Our View: Yay for all-day; nay to pay

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Editorial Board, May 2008 to August 2008

  • Bryna Larsen, publisher
  • Brent Boyer, editor
  • Mike Lawrence, city editor
  • Tom Ross, reporter
  • Eric Morris, community representative
  • Paul Draper, community representative

Contact the editorial board at (970) 871-4221 or editor@steamboatpilot.com. Would you like to be a member of the board? Fill out a letter of interest now.

— The Steamboat Springs School Board should be commended for its efforts to implement an all-day kindergarten program, but district officials should postpone the start of the program until it can accommodate all children tuition-free.

School Board members said Monday they will move forward with the program for the start of the 2008-09 school year despite several significant obstacles, namely a lack of space to accommodate all the potential kindergartners and no set framework for how to fund the program or how much to charge families.

We think, as board member John DeVincentis said, that school officials can work out the space issue. It's the money question that concerns us the most.

District Finance Director Dale Mellor estimates a full-day kindergarten program will cost the district $360,000 a year. That sum includes additional staffing and class materials. The School Board voted unanimously for a tuition-based program to help offset the costs. Under state law, school districts receive funding only for half-day kindergarten; any additional costs must be covered by the individual districts.

Although the details are yet to be worked out, district officials are looking at tuition based on a sliding scale. Mellor used $16 a day in his cost estimates, but officials agreed tuition would almost certainly be higher. Board member Denise Connelly said the district previously has considered daily rates as high as $40 a day.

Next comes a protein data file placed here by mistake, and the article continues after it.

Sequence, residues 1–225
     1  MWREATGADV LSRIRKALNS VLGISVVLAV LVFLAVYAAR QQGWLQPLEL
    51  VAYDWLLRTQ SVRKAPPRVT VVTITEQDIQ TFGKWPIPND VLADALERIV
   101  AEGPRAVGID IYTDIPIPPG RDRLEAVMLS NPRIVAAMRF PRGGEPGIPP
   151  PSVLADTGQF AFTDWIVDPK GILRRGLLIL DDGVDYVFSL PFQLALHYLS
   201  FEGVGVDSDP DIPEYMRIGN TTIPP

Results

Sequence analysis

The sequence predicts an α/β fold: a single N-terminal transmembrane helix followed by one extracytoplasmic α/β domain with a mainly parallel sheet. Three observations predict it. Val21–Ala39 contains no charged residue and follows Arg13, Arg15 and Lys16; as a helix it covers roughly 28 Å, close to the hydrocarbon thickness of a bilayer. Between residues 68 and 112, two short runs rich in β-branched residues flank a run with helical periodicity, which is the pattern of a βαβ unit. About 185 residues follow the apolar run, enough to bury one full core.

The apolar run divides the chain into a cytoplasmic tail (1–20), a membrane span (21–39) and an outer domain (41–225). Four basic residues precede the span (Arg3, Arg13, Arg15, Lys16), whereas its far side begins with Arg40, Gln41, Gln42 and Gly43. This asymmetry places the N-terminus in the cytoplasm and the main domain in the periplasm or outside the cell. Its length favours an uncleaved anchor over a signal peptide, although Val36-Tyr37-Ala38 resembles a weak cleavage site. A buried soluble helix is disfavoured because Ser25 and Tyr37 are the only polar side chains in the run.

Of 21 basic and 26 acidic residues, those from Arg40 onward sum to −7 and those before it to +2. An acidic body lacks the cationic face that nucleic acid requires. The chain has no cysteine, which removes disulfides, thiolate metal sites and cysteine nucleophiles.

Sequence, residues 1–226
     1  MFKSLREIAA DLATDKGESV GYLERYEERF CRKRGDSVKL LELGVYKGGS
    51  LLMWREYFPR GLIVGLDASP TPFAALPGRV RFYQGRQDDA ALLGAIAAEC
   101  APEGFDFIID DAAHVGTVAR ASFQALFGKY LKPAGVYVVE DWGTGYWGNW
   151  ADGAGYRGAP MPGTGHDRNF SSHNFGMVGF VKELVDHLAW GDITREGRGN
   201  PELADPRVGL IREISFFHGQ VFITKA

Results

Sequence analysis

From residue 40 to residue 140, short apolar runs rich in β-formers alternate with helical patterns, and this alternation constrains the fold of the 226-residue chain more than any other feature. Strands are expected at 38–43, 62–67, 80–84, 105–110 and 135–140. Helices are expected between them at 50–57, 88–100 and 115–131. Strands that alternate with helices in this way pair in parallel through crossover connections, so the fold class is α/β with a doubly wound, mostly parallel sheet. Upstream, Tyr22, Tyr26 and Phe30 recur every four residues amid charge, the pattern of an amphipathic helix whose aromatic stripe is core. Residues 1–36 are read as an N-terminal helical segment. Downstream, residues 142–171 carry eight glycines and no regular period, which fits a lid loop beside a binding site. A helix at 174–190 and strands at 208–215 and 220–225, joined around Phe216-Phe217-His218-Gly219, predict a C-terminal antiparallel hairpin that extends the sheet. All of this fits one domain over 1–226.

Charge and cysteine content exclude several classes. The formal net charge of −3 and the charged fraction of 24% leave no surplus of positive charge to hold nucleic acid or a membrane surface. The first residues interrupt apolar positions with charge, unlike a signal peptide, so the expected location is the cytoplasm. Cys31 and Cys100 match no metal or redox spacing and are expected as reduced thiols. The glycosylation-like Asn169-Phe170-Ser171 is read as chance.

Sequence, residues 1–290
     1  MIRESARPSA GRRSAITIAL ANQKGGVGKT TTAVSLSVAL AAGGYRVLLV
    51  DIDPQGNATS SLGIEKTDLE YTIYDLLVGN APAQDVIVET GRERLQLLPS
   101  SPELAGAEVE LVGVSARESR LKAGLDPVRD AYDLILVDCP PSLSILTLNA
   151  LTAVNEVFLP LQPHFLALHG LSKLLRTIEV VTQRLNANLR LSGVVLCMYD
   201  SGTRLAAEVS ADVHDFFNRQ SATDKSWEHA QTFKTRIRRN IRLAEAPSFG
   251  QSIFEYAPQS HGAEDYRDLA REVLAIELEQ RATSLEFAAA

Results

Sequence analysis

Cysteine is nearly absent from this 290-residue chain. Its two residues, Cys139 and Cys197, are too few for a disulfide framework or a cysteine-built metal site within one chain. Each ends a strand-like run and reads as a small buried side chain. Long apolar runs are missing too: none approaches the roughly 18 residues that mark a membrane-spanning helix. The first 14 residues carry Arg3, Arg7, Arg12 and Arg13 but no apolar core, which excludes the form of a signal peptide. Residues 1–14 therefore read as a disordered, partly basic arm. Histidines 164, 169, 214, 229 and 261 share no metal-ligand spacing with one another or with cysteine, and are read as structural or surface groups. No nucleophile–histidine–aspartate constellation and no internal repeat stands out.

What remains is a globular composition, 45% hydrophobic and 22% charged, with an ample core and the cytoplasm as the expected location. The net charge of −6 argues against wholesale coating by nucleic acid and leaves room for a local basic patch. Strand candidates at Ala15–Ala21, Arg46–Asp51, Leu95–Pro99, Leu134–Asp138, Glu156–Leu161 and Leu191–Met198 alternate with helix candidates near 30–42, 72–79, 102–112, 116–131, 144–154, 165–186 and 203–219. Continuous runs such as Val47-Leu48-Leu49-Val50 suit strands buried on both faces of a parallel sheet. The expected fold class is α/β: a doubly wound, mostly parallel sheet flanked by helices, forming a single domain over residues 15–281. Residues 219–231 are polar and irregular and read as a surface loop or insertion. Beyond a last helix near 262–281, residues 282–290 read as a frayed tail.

A recent parent survey revealed many families are willing to pay for all-day kindergarten, and even $40 a day would be significantly cheaper than what many nonprofit early childhood education facilities charge. But we're troubled by the idea of charging families additional fees for public education - particularly education that is generally agreed to be extremely beneficial for many young learners. What if enough scholarships aren't available for poorer families to send their children to all-day kindergarten? Should their children not reap the benefits of additional learning time? And should wealthier families be expected to further subsidize the public education of other families?

Our public education system is designed to provide fair and equal footing for all children, regardless of socioeconomic background. A tuition-based full-day kindergarten program flies in the face of that philosophy. If the Steamboat Springs community believes strongly in providing full-day kindergarten for the developmental and educational benefits it gives children, then we should find a way to fund the program out of existing district revenues or other sources. And we shouldn't implement it until there is room for all children to participate.

We can look to our South Routt neighbors as an example. The South Routt School District for years has offered all-day kindergarten at no additional cost to parents. Soroco officials said they pay for the program out of the district's general fund because it is a priority for the community.

With the rising cost of child care and the proven benefits of having kindergartners in a classroom setting for more than a couple hours a day, it appears Steamboat is ready to make it a similar priority. Our school district has options when it comes to funding, including contributions from the city's half-cent sales tax for education. Education Fund Board members are preparing to go to the voters for a tax renewal; the kindergarten issue could be used to help sell a November ballot question, much like the small class size issue did in 1993, 1996 and 1999. Funding help also could come from the state. Lawmakers and Gov. Bill Ritter have discussed state funding for all-day kindergarten programs, though such funding likely is a year or two away from becoming reality.